Alex Constantine - June 13, 2014
As the agency strives to craft a cuddly new image, we mustn't allow it to whitewash its history of torture and murder
By Owen Jones
The Guardian, June 8, 2014
In the latest CIA coup, America's leading spooks have sent the Twittersphere into a frenzy with their chucklesome debut on social media: "We can neither confirm nor deny that this is our first tweet." How droll! More than a quarter of a million people have retweeted what has been described as "the best first tweet possible". No wonder: it's one of the world's most secretive organisations being self-deprecating, light-hearted, even – dare I say it? – cute.
Here's a story that isn't quite so cute. My parents were among many South Yorkshire families who took in refugees fleeing Augusto Pinochet's Chile in the 1970s. Sylvia was a Chilean woman with two kids. Her husband had been murdered, she had been tortured and – traumatised – she would end her life by jumping from a Sheffield tower block.
Here was just one victim of a junta installed on 11 September 1973 with CIA support after Henry Kissinger declared: "I don't see why we need to stand by and watch a country go communist due to the irresponsibility of its people." Dissidents had electrodes attached to their genitals. Thousands were killed, including those crammed into Santiago's National Stadium; among then was Victor Jara – Latin America's answer to Bob Dylan. This was the other 9/11, and the CIA's fingerprints were all over it.
But, judging from the reaction to the new-look CIA, the punters are taking a different view. "A good example of how even the most serious of organisations can use a light touch successfully on social media,"applauded the Liberal Democrat activist Mark Pack. "The CIA have managed, with one tweet, to do what millions of PR dollars could not," suggested another Twitter user.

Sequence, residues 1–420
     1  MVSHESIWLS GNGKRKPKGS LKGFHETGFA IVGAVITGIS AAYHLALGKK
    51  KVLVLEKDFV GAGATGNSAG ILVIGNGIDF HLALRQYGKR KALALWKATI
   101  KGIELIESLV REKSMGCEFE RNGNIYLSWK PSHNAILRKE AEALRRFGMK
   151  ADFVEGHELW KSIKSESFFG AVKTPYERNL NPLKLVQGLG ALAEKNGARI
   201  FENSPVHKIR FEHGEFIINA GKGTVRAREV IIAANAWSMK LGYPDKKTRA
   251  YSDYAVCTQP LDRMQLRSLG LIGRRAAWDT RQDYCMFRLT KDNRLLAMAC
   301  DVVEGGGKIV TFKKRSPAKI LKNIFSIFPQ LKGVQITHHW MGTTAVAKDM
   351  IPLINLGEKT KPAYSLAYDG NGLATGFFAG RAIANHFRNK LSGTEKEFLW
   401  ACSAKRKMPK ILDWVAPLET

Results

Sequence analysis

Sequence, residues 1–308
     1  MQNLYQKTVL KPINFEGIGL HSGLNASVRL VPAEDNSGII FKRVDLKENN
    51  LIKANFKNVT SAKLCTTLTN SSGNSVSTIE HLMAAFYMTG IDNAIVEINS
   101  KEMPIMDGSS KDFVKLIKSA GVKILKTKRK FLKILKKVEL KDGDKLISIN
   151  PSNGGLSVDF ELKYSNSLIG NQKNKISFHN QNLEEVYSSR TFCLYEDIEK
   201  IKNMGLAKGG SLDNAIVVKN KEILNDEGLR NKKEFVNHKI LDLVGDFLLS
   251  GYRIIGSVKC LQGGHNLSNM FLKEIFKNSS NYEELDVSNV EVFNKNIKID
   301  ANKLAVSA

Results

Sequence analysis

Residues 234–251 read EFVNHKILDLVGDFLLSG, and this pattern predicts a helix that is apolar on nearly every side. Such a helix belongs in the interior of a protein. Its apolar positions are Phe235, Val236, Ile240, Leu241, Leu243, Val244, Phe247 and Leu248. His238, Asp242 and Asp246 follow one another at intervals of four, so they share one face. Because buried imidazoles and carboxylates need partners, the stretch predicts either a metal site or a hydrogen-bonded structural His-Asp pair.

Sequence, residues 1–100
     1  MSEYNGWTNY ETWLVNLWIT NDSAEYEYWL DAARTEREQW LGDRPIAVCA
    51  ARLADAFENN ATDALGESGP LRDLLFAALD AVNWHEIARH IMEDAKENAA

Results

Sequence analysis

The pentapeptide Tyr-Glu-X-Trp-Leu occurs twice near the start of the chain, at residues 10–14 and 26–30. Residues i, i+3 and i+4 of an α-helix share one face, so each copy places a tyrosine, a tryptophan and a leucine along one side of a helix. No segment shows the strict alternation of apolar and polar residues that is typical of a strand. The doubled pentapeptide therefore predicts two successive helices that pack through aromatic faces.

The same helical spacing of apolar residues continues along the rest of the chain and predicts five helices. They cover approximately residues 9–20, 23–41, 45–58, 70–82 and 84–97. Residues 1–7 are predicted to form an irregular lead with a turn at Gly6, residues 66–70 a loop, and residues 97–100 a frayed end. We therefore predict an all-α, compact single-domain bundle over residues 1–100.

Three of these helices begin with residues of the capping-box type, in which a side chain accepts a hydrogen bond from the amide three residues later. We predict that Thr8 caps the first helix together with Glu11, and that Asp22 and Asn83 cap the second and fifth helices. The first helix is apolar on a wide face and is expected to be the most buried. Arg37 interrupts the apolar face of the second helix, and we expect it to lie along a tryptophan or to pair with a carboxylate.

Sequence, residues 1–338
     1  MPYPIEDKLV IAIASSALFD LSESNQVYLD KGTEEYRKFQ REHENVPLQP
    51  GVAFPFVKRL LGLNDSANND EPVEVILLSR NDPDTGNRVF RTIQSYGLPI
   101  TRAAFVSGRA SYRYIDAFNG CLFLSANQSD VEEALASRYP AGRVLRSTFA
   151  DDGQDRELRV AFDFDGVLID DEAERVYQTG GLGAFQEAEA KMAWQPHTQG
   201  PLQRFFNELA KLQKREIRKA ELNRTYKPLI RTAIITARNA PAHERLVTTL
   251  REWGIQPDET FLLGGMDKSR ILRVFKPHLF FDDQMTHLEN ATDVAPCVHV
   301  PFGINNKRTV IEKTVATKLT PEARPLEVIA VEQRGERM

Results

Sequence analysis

Of course, the CIA is far from alone in trying to lighten up its image: PR offensives are all the rage among tyrants, too. Are you a bloodstained despot who wants to polish your sullied reputation? Your first port of call is surely Bell Pottinger, run by Thatcher's publicity guru, Lord Bell. The dictatorships of Bahrain and Belarus, the Syrian dictator's wife, Pinochet himself – all have had their reputations spruced up by the firm. Its services include cleaning up those embarrassing Wikipedia articles and Google search results. Kazakhstan's pro-western dictator, Nursultan Nazarbayev – who locks up dissidents and massacres striking oil workers – is a pro at PR campaigns, hiring Tony Blair at vast expense. The Burmese junta hasn't hired Blair, but its "new Burma" rebrand is very New Labour. Equatorial Guinea's dictator ropes in Hollywood stars, pop stars and other celebs to distract from torture, arbitrary detention and execution.
The CIA might try and LOL away its record, but given the world is still dealing with the consequences of its many disastrous postwar interventions, it shouldn't be allowed to get away with it. "Terrorism" is normally used when referring to acts of violence committed by non-white people hostile to the west. But if we're understanding the term to mean acts of terror committed for political ends, then the CIA is surely the greatest terrorist organisation on earth.